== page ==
As I did last year, I will once again be selecting one play each week through the 2014 season where I felt as though special movement was displayed. In the post I will then breakdown some things that I felt contributed to the movement performance. In my normal fashion, I will also be very likely to make note of things that maybe could’ve been done differently, as well.
Game: Buccaneers at Falcons
Play: Devin Hester high-steps his way into the history books
What makes this the BTS Play of the Week?
With the trends from the 2013 season, I knew it was only a matter of time till we got our first phenomenal return touchdown of the year to stand alone on top of the Play of the Week ladder. Little did I know or predict that it would come in the form of a record setting performance from quite possibly the best to ever do it in the game.
On the first game of Week 3, former Chicago Bear returner and now Atlanta Falcon do everything player, Devin Hester, firmly wrote his name in the record books to become the all-time leader in return touchdowns when he housed a punt in the 2nd quarter of a rout of the division rival Tampa Bay Buccaneers.
As soon as I saw the return I knew that it was going to be tough for any other player to beat it out for this week’s Play of the Week nod and I stood correct through the weekend’s games. However, other guys attempted to break into the mix like Hester’s teammate Julio Jones when he made a tremendous turning acrobatic catch and Le’Veon Bell again showing that he is the most improved mover in the league in 2014. However, when all was said and done, there was Hester…doing what he has done so many times before.
What happened movement-wise on the play?
To start the play, Tampa Bay’s punter sent Hester, the most dangerous returner in the game for a long time, backpedaling for 13-15 yards before catching it. However, as soon as he caught it, with the 12-13 yards of green grass in front of him before the first Buccaneer defender, everyone in attendance had to know that he was going to take his best shot at making a visit to the end zone (no fair catches were gonna happen here!).
Once Hester gathers himself after the reception, you can see his head quickly scan the field in front of him even though he has the sideline limiting the options for the directions that he can go. Out of the crouched pseudo-staggered squat position, he elects to take a few steps to his right in order to tactically allow his blocking to set up nicely in front of him with enough of a crease to give him a chance.
#17 takes a few quick stutter steps right and then hits that previously mentioned crease with a sharp burst of acceleration to quickly get up and past about 5 of the Bucs cover team. In order to do so, Hester slams on the gas pedal and lays down some quick, efficient acceleration steps to move himself from around 38 to the 42 yard line.
Now, a few of these guys had a legitimate shot and catching him if he was a normal punt returner…but this is no normal returner…this is one of the craftiest to ever do it…so he literally ‘scoots through the first wave of defenders which did their very best to close the gap (but to no avail).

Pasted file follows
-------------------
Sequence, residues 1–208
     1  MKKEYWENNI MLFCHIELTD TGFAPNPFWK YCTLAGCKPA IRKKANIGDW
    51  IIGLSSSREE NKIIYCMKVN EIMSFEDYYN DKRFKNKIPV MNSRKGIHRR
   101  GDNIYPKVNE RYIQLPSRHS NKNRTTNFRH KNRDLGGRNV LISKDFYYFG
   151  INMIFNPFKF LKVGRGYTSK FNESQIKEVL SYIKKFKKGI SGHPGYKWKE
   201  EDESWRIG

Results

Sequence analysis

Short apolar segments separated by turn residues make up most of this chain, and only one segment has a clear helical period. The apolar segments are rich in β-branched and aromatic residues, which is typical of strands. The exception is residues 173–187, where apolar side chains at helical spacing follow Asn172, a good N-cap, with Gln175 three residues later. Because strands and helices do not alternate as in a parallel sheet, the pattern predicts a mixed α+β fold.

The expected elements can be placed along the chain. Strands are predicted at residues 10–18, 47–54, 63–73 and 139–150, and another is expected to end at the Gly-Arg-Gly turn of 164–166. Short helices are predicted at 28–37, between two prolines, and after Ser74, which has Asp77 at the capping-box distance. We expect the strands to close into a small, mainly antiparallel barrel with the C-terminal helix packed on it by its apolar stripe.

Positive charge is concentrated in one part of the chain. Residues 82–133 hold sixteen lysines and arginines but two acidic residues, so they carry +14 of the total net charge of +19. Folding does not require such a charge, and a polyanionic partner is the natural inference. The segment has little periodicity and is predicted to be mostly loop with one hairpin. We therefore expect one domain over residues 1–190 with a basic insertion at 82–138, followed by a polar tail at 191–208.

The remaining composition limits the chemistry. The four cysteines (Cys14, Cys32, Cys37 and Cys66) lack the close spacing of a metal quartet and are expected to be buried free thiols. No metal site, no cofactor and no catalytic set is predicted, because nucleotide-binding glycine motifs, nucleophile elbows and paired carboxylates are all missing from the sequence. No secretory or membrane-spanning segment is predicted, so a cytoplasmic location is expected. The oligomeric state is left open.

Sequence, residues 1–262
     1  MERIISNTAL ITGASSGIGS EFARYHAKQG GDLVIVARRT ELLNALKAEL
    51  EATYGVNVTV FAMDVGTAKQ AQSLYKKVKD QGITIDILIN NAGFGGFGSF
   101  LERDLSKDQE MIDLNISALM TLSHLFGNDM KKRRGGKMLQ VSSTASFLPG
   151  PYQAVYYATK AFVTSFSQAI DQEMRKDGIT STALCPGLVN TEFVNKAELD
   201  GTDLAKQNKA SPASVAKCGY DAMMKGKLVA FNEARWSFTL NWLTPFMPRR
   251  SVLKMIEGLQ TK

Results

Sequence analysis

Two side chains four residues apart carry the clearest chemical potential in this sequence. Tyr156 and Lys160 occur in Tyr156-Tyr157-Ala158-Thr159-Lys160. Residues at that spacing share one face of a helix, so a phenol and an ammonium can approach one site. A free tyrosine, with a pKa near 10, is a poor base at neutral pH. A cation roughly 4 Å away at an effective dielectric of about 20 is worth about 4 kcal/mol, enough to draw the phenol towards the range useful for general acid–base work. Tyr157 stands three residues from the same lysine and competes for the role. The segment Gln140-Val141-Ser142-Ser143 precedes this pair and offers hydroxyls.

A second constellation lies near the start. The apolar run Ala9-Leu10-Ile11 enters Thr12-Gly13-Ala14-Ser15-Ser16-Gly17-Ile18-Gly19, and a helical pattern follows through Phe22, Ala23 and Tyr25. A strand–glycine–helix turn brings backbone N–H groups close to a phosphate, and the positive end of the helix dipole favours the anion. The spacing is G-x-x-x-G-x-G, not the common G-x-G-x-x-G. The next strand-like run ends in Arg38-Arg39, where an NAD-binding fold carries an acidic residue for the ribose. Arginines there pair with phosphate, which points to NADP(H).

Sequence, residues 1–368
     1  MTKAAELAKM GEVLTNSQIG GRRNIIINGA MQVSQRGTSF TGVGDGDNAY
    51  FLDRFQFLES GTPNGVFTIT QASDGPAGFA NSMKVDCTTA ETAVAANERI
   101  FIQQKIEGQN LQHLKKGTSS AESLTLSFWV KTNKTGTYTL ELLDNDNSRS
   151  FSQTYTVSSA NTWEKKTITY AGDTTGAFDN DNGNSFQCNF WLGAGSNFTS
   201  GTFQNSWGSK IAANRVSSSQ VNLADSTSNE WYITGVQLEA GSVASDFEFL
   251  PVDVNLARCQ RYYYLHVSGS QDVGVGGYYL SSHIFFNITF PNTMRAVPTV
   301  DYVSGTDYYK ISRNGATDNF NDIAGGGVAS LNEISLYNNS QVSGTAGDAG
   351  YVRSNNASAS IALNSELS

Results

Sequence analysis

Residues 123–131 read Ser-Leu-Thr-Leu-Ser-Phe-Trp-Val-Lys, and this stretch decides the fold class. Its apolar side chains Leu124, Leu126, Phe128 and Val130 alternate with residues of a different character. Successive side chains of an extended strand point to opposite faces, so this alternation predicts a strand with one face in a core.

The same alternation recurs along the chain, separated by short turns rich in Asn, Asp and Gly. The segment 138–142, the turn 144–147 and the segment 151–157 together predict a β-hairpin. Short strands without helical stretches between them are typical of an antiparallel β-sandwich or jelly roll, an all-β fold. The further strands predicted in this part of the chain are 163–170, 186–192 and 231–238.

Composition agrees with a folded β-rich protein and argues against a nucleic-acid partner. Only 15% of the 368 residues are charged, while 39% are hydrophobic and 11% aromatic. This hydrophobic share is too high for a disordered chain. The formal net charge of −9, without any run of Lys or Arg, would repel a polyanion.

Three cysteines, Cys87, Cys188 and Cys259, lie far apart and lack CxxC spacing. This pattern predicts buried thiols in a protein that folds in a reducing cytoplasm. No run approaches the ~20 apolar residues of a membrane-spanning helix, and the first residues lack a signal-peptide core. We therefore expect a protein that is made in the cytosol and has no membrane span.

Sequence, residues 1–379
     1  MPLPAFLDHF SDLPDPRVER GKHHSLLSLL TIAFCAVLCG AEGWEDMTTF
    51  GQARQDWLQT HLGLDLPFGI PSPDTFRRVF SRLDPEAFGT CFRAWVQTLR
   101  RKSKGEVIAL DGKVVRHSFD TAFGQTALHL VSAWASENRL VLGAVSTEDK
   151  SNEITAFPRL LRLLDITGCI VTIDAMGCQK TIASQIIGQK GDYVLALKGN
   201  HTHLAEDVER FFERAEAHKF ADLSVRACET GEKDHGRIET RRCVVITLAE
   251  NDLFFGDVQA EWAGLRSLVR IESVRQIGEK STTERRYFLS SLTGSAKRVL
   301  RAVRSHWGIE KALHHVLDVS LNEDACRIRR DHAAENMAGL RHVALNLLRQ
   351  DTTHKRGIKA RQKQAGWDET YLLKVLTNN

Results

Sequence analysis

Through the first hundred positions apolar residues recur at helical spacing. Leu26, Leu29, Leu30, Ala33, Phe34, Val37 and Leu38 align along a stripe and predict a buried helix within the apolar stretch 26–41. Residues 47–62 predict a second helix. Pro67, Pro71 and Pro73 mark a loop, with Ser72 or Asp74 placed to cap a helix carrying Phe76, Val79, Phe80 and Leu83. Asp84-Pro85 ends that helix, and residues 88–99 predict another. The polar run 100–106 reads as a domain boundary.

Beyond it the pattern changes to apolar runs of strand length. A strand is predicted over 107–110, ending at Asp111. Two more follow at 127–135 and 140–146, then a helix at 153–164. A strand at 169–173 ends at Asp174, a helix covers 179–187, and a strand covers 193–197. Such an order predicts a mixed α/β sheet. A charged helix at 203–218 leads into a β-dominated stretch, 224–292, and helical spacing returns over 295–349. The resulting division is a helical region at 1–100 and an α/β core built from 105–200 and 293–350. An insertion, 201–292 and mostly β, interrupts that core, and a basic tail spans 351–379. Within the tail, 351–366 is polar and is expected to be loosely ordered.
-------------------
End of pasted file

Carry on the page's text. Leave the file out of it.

Because of his linear acceleration & speed movement mechanics, Hester has always been one of those guys who doesn’t really look like he’s moving all that fast when you see him by himself but when you put him in perspective next to the guys he’s up against you can see he is flat-out NFL-class fast. You can see this very point on display here once he is in the open field running from around the 50 yard line to the 40 yard line. A blink and a hiccup later and he has covered a whole lot of ground and changed the game in the process.
During these mid-range speed mechanics he uses a higher hip flexion angle than most NFL players do even in the open field running linearly. This is what allows for the relatively longer strides especially for a guy that is only 5’11”…but because of his great ankle mobility and quick dorsiflexion coil after turnover his ground contact time remains responsive with these longer strides.
After this point, there is actually very little shot of any Tampa Bay cover guys to track him down in any way, shape, or form….but you know the punter is going to try anyway (as they usually do but rarely succeed). Around the 40 yard line he begins to set this punter up to look silly (another trademark of any great, self-respecting return specialist).
He slows down ever-so-briefly…just enough to decelerate and control his body for an unsuspecting, harder-than-it-looks open field angular directional change and then turns the gas pedal back on to move himself swiftly past and away from the punter who thought he was going to have an angle on Hester at the 28/27 yard line (he was sadly mistaken).
At the 20 yard line, all that is left for Hester to do is give a quick look around…make sure that no one is gonna be close enough to break his spirits…and then pay homage to the man that many would consider to be neck and neck with Devin when speaking about the best returner ever…none other than Primetime, Deion Sanders, who happens to be a mentor to Hester. Because of all this, Hester elected to throw down Deion’s patented high-step for the last 20 yards to paydirt and earn the right to get the 15 yard excessive celebration penalty. Though the high-step probably wasn’t as pretty as Prime’s (haha) it was well-deserved after everything that Hester has been through and the feat that he had just set that is rather exceptional especially when you know and understand the sheer intensity & difficulty of returning punts in the league.
To see this truly awesome play of the week click on this link below: